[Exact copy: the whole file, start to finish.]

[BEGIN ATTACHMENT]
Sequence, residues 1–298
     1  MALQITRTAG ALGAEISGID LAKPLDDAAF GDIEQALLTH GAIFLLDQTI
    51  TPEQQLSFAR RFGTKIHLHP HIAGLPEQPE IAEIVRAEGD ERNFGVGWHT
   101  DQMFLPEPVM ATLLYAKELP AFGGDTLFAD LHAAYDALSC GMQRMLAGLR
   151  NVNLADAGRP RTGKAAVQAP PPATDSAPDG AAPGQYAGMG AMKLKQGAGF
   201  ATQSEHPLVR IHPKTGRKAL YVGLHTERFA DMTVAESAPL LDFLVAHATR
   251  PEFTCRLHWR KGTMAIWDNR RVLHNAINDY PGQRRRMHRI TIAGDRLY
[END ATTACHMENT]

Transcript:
Sequence, residues 1–298
     1  MALQITRTAG ALGAEISGID LAKPLDDAAF GDIEQALLTH GAIFLLDQTI
    51  TPEQQLSFAR RFGTKIHLHP HIAGLPEQPE IAEIVRAEGD ERNFGVGWHT
   101  DQMFLPEPVM ATLLYAKELP AFGGDTLFAD LHAAYDALSC GMQRMLAGLR
   151  NVNLADAGRP RTGKAAVQAP PPATDSAPDG AAPGQYAGMG AMKLKQGAGF
   201  ATQSEHPLVR IHPKTGRKAL YVGLHTERFA DMTVAESAPL LDFLVAHATR
   251  PEFTCRLHWR KGTMAIWDNR RVLHNAINDY PGQRRRMHRI TIAGDRLY